QUESTION: Hello, our son has always had a childlike quality to the way he moves but now he's 8 I'm a little worried. I've put a video link below so you can see what I mean (although a bit exaggerated because he's excited). Is he likely to grow out of it soon? As I'd hate for him to be picked on...
ANSWER: Hi, Raquel,
Great gardens and compost piles!
Your son does have some unusual, repetitive, arm flapping movements, that I can appreciate are probably a bit exaggerated due to "being in a movie". Is he great at interacting w other kids? Did he develop normally with developmental milestones being up to par? Has his speech developed normally? Did he have any injuries or trauma at birth?
I don't know if this is normal for him. I would wonder, if he has mild autism spectrum disorder, but that is a pretty big leap considering I don't know him and have not seen him over time.
What has your doctor said?
Good luck, Dr. Olson
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QUESTION: Thanks for your reply Doc. Glad you like our allotment grounds!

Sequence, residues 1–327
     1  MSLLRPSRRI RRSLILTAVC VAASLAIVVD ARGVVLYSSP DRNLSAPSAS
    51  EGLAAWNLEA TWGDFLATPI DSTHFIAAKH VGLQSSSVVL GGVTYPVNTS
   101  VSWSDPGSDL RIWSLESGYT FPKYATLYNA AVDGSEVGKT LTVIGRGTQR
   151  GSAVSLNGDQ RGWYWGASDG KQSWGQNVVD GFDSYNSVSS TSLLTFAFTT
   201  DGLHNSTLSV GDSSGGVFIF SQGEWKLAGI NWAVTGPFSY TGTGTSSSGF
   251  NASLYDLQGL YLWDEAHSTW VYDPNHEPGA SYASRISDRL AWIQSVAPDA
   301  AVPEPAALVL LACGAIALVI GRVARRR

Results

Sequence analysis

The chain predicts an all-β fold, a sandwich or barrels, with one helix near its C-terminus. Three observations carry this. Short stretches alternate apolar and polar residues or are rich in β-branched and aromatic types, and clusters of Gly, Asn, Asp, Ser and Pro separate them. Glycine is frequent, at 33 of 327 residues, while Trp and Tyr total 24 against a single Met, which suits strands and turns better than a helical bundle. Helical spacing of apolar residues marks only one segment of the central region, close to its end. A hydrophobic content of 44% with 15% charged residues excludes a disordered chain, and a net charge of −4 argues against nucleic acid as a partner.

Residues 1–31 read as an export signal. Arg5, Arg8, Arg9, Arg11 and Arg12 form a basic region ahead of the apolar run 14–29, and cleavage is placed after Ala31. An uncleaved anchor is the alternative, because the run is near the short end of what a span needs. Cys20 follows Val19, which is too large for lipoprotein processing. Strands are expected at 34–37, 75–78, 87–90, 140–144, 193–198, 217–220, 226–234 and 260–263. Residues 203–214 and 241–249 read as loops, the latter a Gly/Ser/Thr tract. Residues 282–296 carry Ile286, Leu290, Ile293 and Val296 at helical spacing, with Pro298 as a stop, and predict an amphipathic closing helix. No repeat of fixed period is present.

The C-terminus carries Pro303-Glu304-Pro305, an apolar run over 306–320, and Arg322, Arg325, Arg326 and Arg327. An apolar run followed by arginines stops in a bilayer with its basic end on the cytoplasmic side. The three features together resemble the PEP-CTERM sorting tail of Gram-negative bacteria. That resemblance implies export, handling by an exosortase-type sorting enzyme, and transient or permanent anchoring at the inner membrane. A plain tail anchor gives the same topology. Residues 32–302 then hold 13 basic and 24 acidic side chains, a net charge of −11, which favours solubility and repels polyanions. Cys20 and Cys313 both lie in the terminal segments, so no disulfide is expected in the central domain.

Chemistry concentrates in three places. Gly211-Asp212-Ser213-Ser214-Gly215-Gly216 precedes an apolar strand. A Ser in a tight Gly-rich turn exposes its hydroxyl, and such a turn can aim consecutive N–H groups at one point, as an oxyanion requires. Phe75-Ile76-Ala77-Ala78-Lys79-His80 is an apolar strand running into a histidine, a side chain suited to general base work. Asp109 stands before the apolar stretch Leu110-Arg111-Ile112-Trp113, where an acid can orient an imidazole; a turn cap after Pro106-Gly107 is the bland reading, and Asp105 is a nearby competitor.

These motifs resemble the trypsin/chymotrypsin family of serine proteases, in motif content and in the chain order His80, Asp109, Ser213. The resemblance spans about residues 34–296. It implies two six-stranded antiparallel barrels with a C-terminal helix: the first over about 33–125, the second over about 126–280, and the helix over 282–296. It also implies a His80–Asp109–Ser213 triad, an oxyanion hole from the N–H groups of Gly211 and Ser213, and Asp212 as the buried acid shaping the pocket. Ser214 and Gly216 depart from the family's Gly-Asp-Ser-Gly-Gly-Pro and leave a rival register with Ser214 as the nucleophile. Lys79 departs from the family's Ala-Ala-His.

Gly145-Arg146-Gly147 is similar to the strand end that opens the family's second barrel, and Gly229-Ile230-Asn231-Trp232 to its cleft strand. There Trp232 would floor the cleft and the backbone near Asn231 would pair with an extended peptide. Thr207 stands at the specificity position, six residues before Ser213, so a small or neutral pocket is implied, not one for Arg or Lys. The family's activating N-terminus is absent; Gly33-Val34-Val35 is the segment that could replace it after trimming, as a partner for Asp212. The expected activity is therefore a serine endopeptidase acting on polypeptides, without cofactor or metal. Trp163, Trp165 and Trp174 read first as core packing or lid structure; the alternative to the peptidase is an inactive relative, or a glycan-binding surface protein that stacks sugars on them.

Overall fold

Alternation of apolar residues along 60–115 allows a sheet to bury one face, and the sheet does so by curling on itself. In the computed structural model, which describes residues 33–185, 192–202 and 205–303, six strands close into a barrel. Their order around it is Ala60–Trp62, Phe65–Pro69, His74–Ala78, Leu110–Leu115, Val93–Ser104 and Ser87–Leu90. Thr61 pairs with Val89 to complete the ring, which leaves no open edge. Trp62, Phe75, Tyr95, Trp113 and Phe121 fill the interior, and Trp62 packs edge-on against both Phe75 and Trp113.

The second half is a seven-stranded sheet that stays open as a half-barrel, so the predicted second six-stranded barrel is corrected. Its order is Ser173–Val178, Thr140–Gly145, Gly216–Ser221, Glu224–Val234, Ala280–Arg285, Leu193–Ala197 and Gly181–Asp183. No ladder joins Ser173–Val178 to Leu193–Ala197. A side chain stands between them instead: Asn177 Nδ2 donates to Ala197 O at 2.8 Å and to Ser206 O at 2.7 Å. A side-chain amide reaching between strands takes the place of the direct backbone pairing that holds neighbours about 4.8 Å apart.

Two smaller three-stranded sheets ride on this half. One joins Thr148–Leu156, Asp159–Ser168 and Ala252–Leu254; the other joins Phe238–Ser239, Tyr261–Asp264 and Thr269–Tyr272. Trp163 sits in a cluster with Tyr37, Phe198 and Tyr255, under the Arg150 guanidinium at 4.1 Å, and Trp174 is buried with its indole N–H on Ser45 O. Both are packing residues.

Our son did have hard birth (born blue, meconium, cord wrapped twice round neck, apparently had seizures, but he was home 11 days later).
Hit milestones just in time but never been very physical, more intellectual if you know what I mean. Speech and reading fantastic. I would say he's a pretty social being but ever since he went to play school they've been mentioning social issues. He's just started seeing someone in school to "make a book about moving into Y4".
Have not been to a GP as he's not sick bit just wanted to get opinion from someone more knowledgeable.
I did wonder since a friend mentioned Aspergers a few years back but didn't want to be a hypochondriac. But if it may be then I will try to bear that it mind. If you do think anything more deadly then let me know and we will see doctor.
Thanks a million! X
"Allotment grounds" must be some British term. Is this your property or part of a communal garden? Anyway, to an avid small space intensive gardener like myself, this is garden Nirvana!
I suspect, based on what you further tell me, that he does have mild ASD. The term "Aspergers" is not used in the USA officially any more with the new psychiatric coding system, but he strikes me as a quirky, very smart and creative kid who may need a bit of a social tuneup to respond best in life.
The birth history might be significant, but who knows? Nothing deadly here at all. This does not strike me as a progressive neurologic disorder.
Good luck, Dr. Olson